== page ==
High-GWP gases become dangerous to the environment when they leak. Some units, such as large commercial rooftop air conditioners or the refrigeration units in supermarkets, can lose 25-30% of their refrigerant charge every year, Rydkin says, ultimately emitting thousands of pounds of refrigerant gas into the air. The challenge to the market is to create a viable alternative that marries highly efficient heat transfer with low global warming potential and no ozone impact.
3 Low-GWP Refrigerants
Manufacturers have responded to the phase-out by developing workable new refrigerants and modernizing old ones. These options aren’t an exhaustive list – the EPA maintains a large database online broken down by end use and equipment type – but they represent some of today’s most popular refrigerant alternatives.
1. High-Pressure CO2
CO2 was one of the earliest commercial refrigerants, along with ammonia. It fell out of favor because it requires high pressure to serve as a refrigerant, which requires a high temperature for the compressor. The colorless, odorless gas is starting to make a comeback because the global warming potential is only 1 – leaks are only leaking CO2, not fluorocarbons.
The systems tend to have a higher first cost than other systems of similar size because of the complexity involved, but this may decrease if the technology gains wider acceptance. Stores like Aldi are beginning to embrace the technology as part of a larger effort to lower environmental impact. Some have even earned the EPA’s GreenChill certification, a designation recognizing food retailers who meet the agency’s criteria on refrigerant type, emissions and charge.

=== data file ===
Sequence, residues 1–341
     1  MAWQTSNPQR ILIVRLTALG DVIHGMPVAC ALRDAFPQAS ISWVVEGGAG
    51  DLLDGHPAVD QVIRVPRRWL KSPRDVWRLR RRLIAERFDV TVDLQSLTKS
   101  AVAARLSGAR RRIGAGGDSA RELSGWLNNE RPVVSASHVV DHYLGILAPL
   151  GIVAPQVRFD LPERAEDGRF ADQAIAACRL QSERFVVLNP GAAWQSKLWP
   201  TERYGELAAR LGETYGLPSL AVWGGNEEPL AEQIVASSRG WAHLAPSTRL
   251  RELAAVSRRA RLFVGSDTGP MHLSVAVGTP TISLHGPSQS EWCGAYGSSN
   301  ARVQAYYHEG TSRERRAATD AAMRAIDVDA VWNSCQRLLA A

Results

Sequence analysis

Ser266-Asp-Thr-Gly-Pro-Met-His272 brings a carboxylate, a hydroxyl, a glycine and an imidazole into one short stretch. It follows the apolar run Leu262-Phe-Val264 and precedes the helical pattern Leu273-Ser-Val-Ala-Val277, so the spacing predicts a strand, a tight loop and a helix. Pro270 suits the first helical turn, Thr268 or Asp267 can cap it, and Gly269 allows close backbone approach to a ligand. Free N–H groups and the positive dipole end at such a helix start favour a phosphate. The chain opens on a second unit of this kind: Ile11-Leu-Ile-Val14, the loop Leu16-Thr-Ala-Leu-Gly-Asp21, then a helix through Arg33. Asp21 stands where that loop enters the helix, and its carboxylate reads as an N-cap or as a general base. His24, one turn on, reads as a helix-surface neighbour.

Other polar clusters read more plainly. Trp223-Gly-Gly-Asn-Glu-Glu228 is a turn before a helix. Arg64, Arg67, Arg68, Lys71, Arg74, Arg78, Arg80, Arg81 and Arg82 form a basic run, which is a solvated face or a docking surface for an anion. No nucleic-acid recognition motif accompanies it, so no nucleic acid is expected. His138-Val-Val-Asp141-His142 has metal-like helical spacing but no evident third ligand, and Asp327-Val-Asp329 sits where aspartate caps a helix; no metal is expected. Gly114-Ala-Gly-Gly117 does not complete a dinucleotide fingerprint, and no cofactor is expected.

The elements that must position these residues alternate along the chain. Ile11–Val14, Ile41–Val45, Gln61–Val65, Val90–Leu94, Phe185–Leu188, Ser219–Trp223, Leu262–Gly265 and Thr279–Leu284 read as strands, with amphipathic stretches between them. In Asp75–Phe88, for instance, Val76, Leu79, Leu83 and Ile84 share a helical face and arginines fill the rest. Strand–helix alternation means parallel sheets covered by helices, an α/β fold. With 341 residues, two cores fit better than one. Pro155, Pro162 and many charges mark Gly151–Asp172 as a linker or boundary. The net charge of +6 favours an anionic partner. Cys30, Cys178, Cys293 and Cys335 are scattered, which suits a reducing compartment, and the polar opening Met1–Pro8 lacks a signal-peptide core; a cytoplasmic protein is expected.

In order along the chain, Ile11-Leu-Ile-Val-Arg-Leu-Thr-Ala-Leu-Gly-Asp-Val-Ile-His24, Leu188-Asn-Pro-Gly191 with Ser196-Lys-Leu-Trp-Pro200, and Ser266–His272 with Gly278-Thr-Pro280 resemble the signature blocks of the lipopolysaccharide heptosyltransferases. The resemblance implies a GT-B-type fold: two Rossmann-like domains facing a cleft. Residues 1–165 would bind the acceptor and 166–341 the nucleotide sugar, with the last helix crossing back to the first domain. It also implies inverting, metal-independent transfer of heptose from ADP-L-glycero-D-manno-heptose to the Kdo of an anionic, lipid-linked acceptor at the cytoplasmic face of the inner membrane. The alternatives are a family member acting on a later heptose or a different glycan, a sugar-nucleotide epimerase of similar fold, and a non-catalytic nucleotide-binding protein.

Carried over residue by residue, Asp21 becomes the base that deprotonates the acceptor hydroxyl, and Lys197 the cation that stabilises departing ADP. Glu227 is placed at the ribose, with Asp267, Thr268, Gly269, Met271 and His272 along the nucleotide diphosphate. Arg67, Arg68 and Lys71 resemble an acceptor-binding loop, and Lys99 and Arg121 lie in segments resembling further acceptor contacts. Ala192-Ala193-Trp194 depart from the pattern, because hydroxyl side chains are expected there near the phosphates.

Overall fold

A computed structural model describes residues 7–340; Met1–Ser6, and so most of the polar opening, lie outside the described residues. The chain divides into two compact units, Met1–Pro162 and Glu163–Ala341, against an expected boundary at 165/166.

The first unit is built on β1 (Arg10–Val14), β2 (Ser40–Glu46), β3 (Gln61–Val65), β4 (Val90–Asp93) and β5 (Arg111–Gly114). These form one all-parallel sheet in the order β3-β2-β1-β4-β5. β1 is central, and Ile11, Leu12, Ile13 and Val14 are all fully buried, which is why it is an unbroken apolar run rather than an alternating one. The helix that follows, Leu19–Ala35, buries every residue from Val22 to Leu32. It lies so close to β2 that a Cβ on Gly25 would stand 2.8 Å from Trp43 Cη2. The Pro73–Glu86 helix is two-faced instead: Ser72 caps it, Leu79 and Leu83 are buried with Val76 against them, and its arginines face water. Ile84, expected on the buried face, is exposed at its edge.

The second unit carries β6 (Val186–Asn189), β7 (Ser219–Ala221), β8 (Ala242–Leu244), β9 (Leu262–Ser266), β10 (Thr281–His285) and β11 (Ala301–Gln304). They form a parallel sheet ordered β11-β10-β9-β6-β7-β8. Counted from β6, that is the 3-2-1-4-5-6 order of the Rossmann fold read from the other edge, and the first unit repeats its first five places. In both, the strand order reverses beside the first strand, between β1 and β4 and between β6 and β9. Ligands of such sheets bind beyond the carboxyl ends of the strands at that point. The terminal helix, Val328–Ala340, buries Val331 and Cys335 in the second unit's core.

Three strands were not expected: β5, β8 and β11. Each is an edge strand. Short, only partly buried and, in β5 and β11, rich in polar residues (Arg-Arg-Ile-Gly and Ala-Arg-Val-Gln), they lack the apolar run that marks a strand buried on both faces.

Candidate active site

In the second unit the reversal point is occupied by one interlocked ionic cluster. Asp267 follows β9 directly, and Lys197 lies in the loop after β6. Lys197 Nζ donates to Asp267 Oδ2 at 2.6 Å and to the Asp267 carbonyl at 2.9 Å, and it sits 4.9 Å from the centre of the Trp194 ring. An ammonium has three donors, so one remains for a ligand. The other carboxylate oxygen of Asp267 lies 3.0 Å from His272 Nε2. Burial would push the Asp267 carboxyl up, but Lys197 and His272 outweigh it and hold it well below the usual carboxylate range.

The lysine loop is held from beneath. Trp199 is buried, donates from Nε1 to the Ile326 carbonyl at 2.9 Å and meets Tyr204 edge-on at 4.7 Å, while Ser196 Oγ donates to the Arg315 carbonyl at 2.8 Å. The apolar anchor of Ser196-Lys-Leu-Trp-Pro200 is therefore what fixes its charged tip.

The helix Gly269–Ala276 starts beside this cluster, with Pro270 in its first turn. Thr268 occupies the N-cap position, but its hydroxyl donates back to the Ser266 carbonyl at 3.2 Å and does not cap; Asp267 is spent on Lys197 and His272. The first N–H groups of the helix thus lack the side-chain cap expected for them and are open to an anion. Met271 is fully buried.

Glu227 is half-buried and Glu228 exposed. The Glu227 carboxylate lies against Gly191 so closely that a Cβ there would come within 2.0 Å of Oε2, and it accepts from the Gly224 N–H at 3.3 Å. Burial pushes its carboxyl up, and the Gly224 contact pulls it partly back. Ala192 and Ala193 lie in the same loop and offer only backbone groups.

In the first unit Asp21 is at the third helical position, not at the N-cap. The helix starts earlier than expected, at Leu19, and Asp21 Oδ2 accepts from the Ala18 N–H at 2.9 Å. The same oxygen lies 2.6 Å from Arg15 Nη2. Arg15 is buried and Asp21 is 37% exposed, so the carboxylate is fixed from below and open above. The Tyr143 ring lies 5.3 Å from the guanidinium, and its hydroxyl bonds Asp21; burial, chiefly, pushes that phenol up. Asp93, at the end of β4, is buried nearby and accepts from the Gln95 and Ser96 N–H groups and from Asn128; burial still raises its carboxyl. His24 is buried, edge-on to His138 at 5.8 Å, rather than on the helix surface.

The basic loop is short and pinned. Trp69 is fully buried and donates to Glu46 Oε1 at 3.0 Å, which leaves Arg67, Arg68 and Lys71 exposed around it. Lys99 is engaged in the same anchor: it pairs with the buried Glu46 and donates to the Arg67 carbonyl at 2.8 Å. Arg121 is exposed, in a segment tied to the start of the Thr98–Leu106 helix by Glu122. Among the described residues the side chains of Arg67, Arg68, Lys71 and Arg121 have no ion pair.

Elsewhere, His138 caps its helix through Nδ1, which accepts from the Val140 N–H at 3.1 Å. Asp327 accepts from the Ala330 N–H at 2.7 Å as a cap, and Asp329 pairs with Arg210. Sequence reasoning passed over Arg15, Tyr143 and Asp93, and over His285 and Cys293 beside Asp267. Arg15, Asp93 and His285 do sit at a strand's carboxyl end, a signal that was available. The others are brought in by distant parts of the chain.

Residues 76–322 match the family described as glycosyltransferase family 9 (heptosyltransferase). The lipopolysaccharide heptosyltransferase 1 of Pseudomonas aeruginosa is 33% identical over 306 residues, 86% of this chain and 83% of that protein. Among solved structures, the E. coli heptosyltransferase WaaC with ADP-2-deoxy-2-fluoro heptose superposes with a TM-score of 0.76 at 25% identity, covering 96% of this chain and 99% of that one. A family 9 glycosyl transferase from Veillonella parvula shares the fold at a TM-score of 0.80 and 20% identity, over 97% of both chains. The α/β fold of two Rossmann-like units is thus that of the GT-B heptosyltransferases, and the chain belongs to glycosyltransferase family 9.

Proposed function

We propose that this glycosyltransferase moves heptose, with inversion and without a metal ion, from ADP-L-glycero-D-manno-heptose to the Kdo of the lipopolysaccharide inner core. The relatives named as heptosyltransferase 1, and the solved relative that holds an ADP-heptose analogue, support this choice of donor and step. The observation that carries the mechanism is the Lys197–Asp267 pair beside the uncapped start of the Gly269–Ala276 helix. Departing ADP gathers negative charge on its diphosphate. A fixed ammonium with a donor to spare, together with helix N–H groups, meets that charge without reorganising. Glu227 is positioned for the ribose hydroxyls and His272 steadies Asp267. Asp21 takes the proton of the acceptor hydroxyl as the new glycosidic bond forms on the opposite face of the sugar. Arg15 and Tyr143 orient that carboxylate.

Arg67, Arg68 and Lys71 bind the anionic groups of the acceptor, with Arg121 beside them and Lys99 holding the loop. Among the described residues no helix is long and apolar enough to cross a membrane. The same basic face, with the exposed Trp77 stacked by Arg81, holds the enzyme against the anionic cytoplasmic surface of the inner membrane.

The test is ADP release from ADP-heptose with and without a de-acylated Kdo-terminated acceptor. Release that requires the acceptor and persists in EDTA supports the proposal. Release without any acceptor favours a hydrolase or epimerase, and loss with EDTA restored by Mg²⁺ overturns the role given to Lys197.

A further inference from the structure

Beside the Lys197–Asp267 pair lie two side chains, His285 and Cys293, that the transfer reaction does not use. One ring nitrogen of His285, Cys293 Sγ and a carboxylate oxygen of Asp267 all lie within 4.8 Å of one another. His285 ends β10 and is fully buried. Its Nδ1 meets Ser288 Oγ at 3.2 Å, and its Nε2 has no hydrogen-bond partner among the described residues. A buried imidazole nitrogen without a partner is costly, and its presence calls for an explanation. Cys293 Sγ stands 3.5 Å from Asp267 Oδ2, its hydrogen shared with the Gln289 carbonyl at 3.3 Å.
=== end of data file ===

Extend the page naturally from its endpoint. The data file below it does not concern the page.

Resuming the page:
Supermarkets and other retailers are increasingly using standalone units, many of which use propane as the refrigerant, Rydkin says. “It has a global warming potential of 13, so that’s much lower than what was used before,” Rydkin adds. “Hydrocarbon standalone cases have shaken up the market in the last few years.”
3. R1234ze and R1234ze(Z)
Some of the new designs on the market for chillers and medium temperature refrigeration replace R134a (GWP of around 1,300) with R1234ze, which has a GWP closer to 1.
“The big impact is for large chillers that cool skyscrapers and hospitals. They’re moving to 123ze(Z) from either R123 or R134a,” Rydkin says. “There, they’re going from a mildly toxic option to a nontoxic, low-GWP option. In the large chiller space, there have been a lot of programs to get down to an environmental impact that we’re comfortable with while at the same time adding a tiny bit of efficiency gain.”
When and Why to Replace Refrigerants
Some systems allow you to replace your existing refrigerant with a new one as long as you make a few small changes, like changing the unit’s oil and adjusting some valves. Both are fairly common procedures in supermarkets that are upgrading refrigeration units, Rydkin explains. It’s much less common to retrofit different refrigerants into larger equipment, like chillers, because of the engineering obstacles involved.
California is proposing not allowing certain high GWP refrigerants for retrofits after 2022, Rydkin adds. It’s unclear whether other markets will adopt the same stringent requirements. When it comes to avoiding a big capital expenditure, Rydkin recommends being safe rather than sorry. “If you’re in a Climate Alliance state, do a retrofit now if you can,” he advises. “Otherwise, you’re going to be replacing the equipment later.”
Two handpicked articles to read next: